Much like Forrest Gump was just compelled to run ceaselessly in his eponymous film, Dr. Monica Metzdorf said she simply decided a few weeks ago she would walk.
Now, the key difference between the fictitious Gump and the very real pediatric urologist is that Metzdorf started last Saturday at the Los Angeles Zoo and by tomorrow — or hopefully today — will have reached the San Diego Zoo Safari Park. The Glendale resident also has inspired folks from all over to donate money to her clear cause: feeding the animals at these local institutions.
“I’m just thrilled with the amount of support that I’m getting, with the response on Facebook and Instagram and such,” Metzdorf said, speaking from her hotel room in San Clemente on Wednesday evening. “People are just really excited about it, and that’s what keeps me going really. When my legs get tired and my feet get tired, all these people cheering me on make my feet just a little bit lighter.”
As of Friday, Metzdorf’s fans have pitched in more than $8,805 toward the fundraiser coinciding with her journey. She plans to split the money in donations to the L.A. Zoo, San Diego Zoo and Aquarium of the Pacific in Long Beach to help continue to feed their animals after the pandemic completely dried up their income.
“So far, I’m really good,” she added Wednesday. “After the first day, I had one good-sized blister on my right foot that I’ve been fighting the whole time, but I’ve learned to bandage it up for the day and it hasn’t bothered me too much. Some sore muscles and shin splints. I think it’s going amazingly well.”
Metzdorf, who with husband Bill has lived in Glendale for 11 years, said two news stories helped inspire her suddenly. One concerned Tom Moore, a 99-year-old veteran in the U.K. who raised the equivalent of $33 million by walking 100 paces around his vast garden before his 100th birthday. Moore, who had just undergone surgery for a broken hip, did so as a thank-you to the underfunded National Health Service during the pandemic.
The other concerned local news reports about how the Oakland Zoo and San Diego Zoo obviously still had to feed and care for their animals, but had to do so without income. The pandemic has closed zoos and aquariums while designating their staff as essential employees.
So, the 53-year-old Metzdorf said she would walk the 150 miles to Escondido to help out, even though she admitted to having never been “particularly interested” in walking for sport. She made it to the aquarium in Long Beach the very first day.
“It’s been a great experience to prove to myself that I could do it,” she said. “Having not done marathons or 10Ks or anything, now that I know that I can do it, yeah I might do something like this again.”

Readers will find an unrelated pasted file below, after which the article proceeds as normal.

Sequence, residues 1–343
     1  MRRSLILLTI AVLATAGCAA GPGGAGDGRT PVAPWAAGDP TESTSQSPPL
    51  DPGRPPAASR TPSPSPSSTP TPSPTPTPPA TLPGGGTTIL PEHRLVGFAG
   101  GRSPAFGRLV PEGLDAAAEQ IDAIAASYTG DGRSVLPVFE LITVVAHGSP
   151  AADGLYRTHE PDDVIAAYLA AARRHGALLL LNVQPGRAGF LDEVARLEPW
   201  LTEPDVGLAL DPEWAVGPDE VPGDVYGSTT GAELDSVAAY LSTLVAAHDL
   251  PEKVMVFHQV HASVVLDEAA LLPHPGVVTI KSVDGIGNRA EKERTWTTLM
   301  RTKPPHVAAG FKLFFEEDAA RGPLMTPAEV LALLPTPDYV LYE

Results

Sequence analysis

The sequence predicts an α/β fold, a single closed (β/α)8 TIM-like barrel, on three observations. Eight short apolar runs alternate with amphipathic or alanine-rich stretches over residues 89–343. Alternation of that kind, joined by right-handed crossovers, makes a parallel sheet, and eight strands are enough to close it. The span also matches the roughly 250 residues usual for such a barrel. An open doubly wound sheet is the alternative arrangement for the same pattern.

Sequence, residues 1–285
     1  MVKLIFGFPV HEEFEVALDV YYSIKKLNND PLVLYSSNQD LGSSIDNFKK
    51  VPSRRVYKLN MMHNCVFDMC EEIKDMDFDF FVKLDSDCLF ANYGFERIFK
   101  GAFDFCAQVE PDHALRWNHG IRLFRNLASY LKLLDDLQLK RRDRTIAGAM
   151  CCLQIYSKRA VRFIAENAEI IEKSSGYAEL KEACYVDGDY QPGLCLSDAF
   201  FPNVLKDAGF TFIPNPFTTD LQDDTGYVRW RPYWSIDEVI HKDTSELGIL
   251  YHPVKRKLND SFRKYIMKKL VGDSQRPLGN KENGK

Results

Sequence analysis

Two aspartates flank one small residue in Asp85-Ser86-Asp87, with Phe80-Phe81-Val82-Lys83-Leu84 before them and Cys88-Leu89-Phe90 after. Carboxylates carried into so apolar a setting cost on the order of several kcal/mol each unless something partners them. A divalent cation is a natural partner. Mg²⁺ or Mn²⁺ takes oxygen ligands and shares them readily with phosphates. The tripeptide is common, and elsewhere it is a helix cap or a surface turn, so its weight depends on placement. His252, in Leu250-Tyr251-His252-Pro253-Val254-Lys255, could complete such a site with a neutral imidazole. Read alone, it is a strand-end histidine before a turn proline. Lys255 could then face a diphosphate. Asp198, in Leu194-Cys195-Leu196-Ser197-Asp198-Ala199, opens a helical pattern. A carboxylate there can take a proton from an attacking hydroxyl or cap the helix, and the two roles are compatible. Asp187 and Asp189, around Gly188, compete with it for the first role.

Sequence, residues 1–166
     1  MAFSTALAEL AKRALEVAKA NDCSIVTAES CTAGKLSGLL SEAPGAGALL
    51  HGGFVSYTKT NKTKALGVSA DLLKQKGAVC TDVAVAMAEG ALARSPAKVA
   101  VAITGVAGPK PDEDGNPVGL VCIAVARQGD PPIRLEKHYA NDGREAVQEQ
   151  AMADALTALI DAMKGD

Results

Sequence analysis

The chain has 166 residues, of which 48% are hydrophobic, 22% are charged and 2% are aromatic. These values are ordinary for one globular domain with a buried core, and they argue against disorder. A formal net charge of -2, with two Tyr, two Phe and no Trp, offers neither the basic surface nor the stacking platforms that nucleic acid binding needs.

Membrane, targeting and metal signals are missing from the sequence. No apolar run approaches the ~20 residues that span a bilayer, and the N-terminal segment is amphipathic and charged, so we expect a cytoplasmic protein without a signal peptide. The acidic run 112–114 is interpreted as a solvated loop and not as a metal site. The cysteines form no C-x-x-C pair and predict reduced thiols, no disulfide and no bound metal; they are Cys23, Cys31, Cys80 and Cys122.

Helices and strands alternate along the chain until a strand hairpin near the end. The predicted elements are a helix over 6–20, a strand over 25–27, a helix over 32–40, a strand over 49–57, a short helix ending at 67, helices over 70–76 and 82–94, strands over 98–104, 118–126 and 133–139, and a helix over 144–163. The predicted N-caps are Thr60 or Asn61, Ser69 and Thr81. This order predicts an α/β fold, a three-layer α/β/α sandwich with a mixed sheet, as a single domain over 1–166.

Though she has been a medical doctor, she admits to a passion for animals, fish and wildlife in general that dates back to her college days, when she earned a bachelor’s degree in wildlife and fish conservation biology at UC Davis before embarking to medical school.
During her residency at the University of San Diego Medical Center, she even got a once-in-a-lifetime chance to assist a friend with an operation on a zoo gorilla.
“That was a truly unforgettable experience,” Metzdorf said.
As the doctor walks, her husband isn’t far away. After pondering the logistics of rest and bathroom breaks when the COVID-19 pandemic has closed pedestrian access to most restaurants, a friend advised them to rent an RV. Now, she gives herself a rest break, complete with Gatorade and trail snacks, every three or so miles.
“If you had told me three weeks ago I would be doing this during the month of May, I’d have said you were out of your mind,” Bill Metzdorf quipped on Friday. “We’ve had a great time laughing about it. It’s one of those things that could make for a great story down the line.”
Those interested can follow the Metzdorfs’ journey on their website, docwalks4animals.com, where the doctor’s day is blogged with photos, videos and map trackers and donors can use PayPal to send money. Their goal of raising $7,500 for the journey was actually met by the time it began last Saturday, and since then, they’ve been happy to accept more.
“They’re still coming in every day, so we’ll see where things go,” Monica Metzdorf said.
When Bill Metzdorf spoke on Friday, he noted that his wife had exceeded her distance goal on Thursday, making it down to Carlsbad even through the mounting shin splints. She was back at it at 7 a.m. Friday.
“The weather couldn’t be any better for her today,” he said. “She’s really doing exceptionally well and is enjoying that she’s doing something that can raise some money to help our zoos and aquariums.”
Monica Metzdorf added that her long, scenic look at Southern California has been wonderful, especially with the cooperative weather. Fewer motorists on the road because of the shutdowns have made the journey more pleasant, too.
“It’s always nicer to have fewer cars driving by you,” she said. “The air has been clear and crisp in the mornings and it’s just sunny in the afternoons. The air quality’s been great. It’s the perfect time to walk.”
And what about afterward, to help recover from the blisters and shin splints?
“I have to be back at work on Monday,” she chuckled.